Sunday, January 13, 2008

Larwyn's quick takes

* QandO quotes Megan McCardle (hat tip: TigerHawk):

Paul Krugman is voting for doom. It's worth keeping in mind, however, that Paul Krugman has predicted eight of the last none recessions under the Bush administration.

Even a broken clock is right twice a day, but Krugman's track record would have to significantly improve to match the proverbial busted timepiece.

* Gerard Vanderleun highly recommends Neo-Neocon's Cultural and moral relativism, Part I and Part II.
Good and evil are admittedly difficult concepts for "progressives" to grok.

* The Spectator's Philip Klein deconstructs HillaryCare™ version 2.0 (now with thinly disgused Socialism™!):

...The plan would require insurers to provide coverage to everybody who applies, regardless of pre-existing conditions or risk factors, at a price the government deems "affordable." But insurance companies exist to manage and price risk. If car insurers were required to provide low-cost auto coverage to motorists who have had licenses suspended multiple times for reckless driving, they would not remain in business for long. Similarly, the Clinton plan would eventually lead to the collapse of the private medical insurance market, even if she left it "intact" in the meantime for the purposes of selling the plan. Her proposal would also create a new government-run health-care program modeled after Medicare. This would set the stage for future liberal politicians to argue that with the private market in shambles, the only choice is to go to a fully socialized system...

Perhaps it will be the only time in recorded history that centralized government control resulted in lower prices and better service.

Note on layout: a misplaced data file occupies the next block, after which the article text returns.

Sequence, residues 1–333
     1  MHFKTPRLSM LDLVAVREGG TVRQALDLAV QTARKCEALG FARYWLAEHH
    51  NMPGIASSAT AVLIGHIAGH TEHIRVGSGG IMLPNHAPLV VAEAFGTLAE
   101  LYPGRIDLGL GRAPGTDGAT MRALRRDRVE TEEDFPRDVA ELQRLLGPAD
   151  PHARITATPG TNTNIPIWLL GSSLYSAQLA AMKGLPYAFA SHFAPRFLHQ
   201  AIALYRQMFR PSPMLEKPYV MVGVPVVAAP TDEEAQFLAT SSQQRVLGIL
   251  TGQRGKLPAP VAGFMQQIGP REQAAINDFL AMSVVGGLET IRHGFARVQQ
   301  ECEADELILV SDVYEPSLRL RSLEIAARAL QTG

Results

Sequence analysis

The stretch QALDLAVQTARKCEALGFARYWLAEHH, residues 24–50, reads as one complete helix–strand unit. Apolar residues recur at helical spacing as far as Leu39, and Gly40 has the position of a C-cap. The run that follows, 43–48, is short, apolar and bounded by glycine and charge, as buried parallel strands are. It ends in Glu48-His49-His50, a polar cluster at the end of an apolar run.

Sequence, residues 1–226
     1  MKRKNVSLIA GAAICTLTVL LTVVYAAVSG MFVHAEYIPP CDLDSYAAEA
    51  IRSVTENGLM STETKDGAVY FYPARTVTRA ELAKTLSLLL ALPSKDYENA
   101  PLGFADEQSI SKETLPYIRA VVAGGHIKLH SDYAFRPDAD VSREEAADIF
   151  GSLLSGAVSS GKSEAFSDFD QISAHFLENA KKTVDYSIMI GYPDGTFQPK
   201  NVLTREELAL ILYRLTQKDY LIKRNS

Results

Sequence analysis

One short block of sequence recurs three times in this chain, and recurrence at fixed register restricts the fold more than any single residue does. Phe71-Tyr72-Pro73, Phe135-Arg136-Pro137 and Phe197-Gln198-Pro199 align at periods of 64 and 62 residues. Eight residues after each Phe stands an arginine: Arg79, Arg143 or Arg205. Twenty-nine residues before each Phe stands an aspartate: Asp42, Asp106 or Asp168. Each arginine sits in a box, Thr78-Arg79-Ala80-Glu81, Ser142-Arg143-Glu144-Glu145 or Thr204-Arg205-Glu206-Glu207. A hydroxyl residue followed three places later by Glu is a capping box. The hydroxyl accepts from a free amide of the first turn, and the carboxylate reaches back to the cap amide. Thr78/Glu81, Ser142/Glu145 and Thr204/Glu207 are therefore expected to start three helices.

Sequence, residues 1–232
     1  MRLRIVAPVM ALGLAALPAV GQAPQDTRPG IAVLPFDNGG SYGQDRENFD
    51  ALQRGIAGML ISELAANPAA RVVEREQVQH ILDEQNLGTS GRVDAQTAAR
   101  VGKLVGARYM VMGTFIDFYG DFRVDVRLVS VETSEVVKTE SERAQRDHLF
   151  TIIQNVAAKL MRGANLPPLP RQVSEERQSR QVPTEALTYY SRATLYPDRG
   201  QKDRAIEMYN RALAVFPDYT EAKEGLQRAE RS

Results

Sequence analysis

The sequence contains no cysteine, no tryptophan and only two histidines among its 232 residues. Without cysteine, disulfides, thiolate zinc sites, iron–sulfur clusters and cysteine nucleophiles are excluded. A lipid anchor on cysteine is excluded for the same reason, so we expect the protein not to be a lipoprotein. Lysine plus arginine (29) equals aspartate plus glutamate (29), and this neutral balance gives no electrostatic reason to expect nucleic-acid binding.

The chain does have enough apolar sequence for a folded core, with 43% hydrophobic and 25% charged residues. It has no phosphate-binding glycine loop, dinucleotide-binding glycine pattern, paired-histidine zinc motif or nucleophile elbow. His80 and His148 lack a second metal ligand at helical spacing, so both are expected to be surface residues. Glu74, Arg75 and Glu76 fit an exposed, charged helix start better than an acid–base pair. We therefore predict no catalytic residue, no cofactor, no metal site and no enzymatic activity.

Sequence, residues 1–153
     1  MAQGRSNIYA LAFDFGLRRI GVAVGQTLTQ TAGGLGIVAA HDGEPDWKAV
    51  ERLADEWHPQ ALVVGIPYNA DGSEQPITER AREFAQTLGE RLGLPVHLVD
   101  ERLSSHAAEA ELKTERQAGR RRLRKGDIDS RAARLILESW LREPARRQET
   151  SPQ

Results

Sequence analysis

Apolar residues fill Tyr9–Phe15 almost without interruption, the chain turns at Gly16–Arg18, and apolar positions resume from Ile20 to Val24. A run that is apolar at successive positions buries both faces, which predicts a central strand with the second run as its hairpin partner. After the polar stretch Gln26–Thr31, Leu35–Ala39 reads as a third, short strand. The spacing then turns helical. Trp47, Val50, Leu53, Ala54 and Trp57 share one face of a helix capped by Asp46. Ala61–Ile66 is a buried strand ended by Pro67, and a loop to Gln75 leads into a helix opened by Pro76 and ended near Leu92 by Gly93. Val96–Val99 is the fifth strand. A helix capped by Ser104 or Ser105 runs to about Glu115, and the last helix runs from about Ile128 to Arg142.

* With more seriousness than the candidate deserves, Ace questions the case for Ron Paul:

...I don't get the claim that he's "the only man" who can save America, "the only man" who can restore the Constitution, "the only man" who can bring limited government back in vogue.

All of this is extraordinarily fanciful. I don't mean this as a cheap line -- it's rather serious. If the man couldn't keep a handle on his own small newsletter operation, can someone explain to me how he can possibly be "the only man in America" capable of forcing the federal government into a direction that the great mass of the American public simply does not want?

A whiney, sniveling isolationist -- with a history of racism and a plethora of bizarre backers? What's not to like?

* The American Thinker's Selwyn Duke on The race for the American mind:

...the old media fears the new one. The latter watches the watchers, polices the police. It has cut into the Rathersphere's market, causing a diminution of circulation, viewership and - this is what really gets their collars up -- power. They can no longer propagandize with Tass-like impunity, for the e-hills have eyes... Yet this is no time for a victory dance. The new media is under attack, as the left aims to silence dissent before it grows strong enough to block the thought police's coup de grace. This is the race for the American mind.

And we are losing...

When does political correctness (or Steyn's "creeping Sharia") infringe upon the First Amendment?

* Gateway Pundit reminds us that George Soros, a notorious sufferer of Bush Derangement Syndrome, funded the corrupt "Lancet Study":

...Soros was the money man behind the grossly inaccurate Lancet-Johns Hopkins study that claimed that 650,000 civilians had been slaughtered in Iraq since the start of the war... Soros provided nearly half of the funding for the study.

Sounds like there are economic incentives for more than just the global warming crowd.

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